A Review of the Pharmacokinetics of Levothyroxine for the Treatment of Hypothyroidism

European Endocrinology, 2013;9(1):40-47 DOI: http://doi.org/10.17925/EE.2013.09.01.40

Abstract:

Thyroxine hormone has been recognised since the early part of the nineteenth century and levothyroxine has been available since the mid-nineteenth century as a replacement for deficient thyroid hormones. While levothyroxine remains the staple treatment for hypothyroidism even to this day, its optimal use can be challenging. As is often the case with older drugs, the pharmacokinetics of levothyroxine is often under-appreciated or misunderstood and many factors influence the optimal dosing of levothyroxine. This article will review the pharmacokinetics of levothyroxine in the treatment of hypothyroidism and highlight major concepts that should aid both clinicians and researchers.
Keywords: Pharmacokinetics; drugs formulations; levothyroxine; intestinal absorption; interactions between drugs; hypothyroidism
Disclosure: Philippe Colucci, Corinne Seng Yue and Murray Ducharme are employees of Learn and Confirm Inc. and received funding from Institut Biochimique SA (IBSA). Salvatore Benvenga received from IBSA new L-thyroxine formulations for the conduct of clinical studies.
Received: January 30, 2013 Accepted February 17, 2013
Correspondence: Salvatore Benvenga, Interdepartmental Program of Molecular & Clinical Endocrinology and Women’s Endocrine Health, Policlinico Universitario di Messina padiglione H, 4 piano 98125 Messina, Italy. E: s.benvenga@me.nettuno.it; sbenvenga@unime.it.

Role of the Thyroid Hormones Thyroid hormones play a vital role in the human body and, as such, the absence of such hormones requires treatment. Generally, levothyroxine is used to treat thyroid hormone deficiency, and after a brief review of thyroid hormone physiology, this article will highlight what is known about the pharmacokinetics (PKs) of levothyroxine, as well as describe factors that can influence its PKs. The thyroid gland is responsible for the synthesis, storage and release of metabolic hormones including iodinecontaining thyroxine (T4) and triiodothyroxine (T3). These hormones are crucial in the regulation of many metabolic processes and are vital for normal growth and development.1 They are also involved in calorigenic, cardiovascular and metabolic effects. The hormones exert their effects presumably by activating gene transcription of messenger RNA and proteins. To do so, they enter the cell nucleus and bind to DNA-bound thyroid receptors, which regulate gene transcription.1,2 T4 and T3 Production and Feedback Loop Mechanism Normally, the hormones secreted by the thyroid are regulated by the hypothalamic–pituitary–thyroid (HPT) axis through a negative feedback system. Low levels of circulating T4 and T3 initiate the release of thyrotropin-releasing hormone (TRH) from the hypothalamus and thyroidstimulating hormones (TSH) from the pituitary. On interaction with its specific receptor, TSH stimulates the thyroid follicular cells to synthesise T4 and T3 and release them into the bloodstream. When circulating levels of T4 and T3 increase, they inhibit the release of TRH and TSH (i.e. negative feedback mechanism) thereby decreasing their own production.1–4 The predominant hormone produced by the thyroid gland is T4, with approximately 70–90 mcg of T4 and 15–30 mcg of T3 produced daily.1,5 The production of the T3 hormone by the thyroid gland is insufficient to meet the daily requirements of the organs in the body. Therefore, approximately 80 % of the body’s required T3 comes from peripheral conversion of T4 to T3.4,6 Although both T4 and T3 are active, T3 is more active as thyroid receptors within the cell nucleus have a 10-fold greater affinity for T3.2,4 Indication and Dosage Levothyroxine is a synthetic T4 hormone that is biochemically and physiologically indistinguishable from the natural one, and it is administered when the body is deficient in the natural hormone.7 Oral administration of levothyroxine is thus indicated for acquired primary (thyroidal), secondary (pituitary) and tertiary (hypothalamic) hypothyroidism.8 It is also used to treat euthyroid goiters including thyroid nodules, subacute or chronic lymphocytic thyroiditis, multinodular goiter or for thyroid cancer patients who have undergone thyroidectomy, and as an adjunct to surgery and radioiodine therapy.1 For an average adult under the age of 50, the typical levothyroxine sodium dose is approximately 1.7 mcg/kg/day, which is equivalent to approximately 100–125 mcg/day. Older patients or patients with cardiac disease may require less levothyroxine and doses should be titrated at intervals of 4–6 weeks. Newborns, infants and adolescents require doses greater than 1.7 mcg/kg/day.The guidelines that were recently released by the American Association of Clinical Endocrinologists and American Thyroid Association task force on hypothyroidism in adults, in addition to diagnosis, include suggestions of therapy.9 Literature Search Method A literature review was conducted in PubMed, Embase (1974 to week 47 of 2012) and Medline (1946 to third week of November 2012) using the terms ‘levothyroxine’ and ‘pharmacokinetics’. The searches in Pubmed and Embase/Medline returned 1217 and 147 publications, respectively.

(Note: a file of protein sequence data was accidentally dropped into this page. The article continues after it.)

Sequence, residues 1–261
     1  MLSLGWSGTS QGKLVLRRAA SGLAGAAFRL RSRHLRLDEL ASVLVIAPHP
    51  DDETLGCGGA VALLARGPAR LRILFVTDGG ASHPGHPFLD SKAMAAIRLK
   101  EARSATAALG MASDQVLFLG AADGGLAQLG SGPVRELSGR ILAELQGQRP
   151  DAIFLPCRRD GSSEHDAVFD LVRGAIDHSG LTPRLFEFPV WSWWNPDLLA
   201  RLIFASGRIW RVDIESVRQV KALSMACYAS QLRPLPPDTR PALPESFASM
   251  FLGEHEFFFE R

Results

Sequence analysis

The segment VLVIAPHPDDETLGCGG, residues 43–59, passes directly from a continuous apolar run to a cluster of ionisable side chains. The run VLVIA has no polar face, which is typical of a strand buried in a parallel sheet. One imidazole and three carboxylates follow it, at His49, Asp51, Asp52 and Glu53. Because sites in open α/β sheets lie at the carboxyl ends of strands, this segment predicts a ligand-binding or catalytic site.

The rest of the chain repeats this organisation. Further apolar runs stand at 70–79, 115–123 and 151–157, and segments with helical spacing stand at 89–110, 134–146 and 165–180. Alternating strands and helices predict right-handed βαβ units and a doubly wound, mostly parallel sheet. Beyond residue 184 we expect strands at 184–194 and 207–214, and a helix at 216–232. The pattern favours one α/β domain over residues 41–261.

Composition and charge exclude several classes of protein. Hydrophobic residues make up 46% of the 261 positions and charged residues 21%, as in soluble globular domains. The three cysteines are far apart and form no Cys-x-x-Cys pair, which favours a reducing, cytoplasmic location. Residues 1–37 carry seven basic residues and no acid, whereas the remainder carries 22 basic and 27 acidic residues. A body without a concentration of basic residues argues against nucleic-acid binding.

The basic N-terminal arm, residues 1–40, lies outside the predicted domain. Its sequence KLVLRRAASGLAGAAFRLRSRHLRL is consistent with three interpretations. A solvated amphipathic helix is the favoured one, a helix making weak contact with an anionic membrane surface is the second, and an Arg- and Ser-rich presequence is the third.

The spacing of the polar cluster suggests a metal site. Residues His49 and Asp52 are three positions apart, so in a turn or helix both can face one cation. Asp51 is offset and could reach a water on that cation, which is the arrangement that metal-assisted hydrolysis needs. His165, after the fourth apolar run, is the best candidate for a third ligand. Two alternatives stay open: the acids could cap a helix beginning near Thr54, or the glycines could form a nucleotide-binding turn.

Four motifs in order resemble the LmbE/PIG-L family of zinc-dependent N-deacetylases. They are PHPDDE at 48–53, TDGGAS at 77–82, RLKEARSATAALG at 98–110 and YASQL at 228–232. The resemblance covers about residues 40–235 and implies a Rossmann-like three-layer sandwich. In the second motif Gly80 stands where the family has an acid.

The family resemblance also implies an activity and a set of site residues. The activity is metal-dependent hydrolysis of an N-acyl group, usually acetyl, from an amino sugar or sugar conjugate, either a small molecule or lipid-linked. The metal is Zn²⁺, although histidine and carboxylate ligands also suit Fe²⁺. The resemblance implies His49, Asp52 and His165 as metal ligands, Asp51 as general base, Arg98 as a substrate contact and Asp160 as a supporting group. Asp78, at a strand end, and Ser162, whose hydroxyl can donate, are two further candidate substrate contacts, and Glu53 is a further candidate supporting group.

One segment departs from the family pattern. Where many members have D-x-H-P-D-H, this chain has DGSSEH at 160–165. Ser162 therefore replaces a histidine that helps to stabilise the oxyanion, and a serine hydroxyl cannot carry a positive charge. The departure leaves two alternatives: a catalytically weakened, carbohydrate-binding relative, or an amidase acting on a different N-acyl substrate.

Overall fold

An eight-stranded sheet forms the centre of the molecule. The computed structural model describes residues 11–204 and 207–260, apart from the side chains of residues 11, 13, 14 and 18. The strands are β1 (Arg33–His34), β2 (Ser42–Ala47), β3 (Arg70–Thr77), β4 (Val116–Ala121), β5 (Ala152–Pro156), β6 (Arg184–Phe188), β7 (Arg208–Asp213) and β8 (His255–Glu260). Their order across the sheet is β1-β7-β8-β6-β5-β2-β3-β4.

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Keywords: Pharmacokinetics; drugs formulations; levothyroxine; intestinal absorption; interactions between drugs; hypothyroidism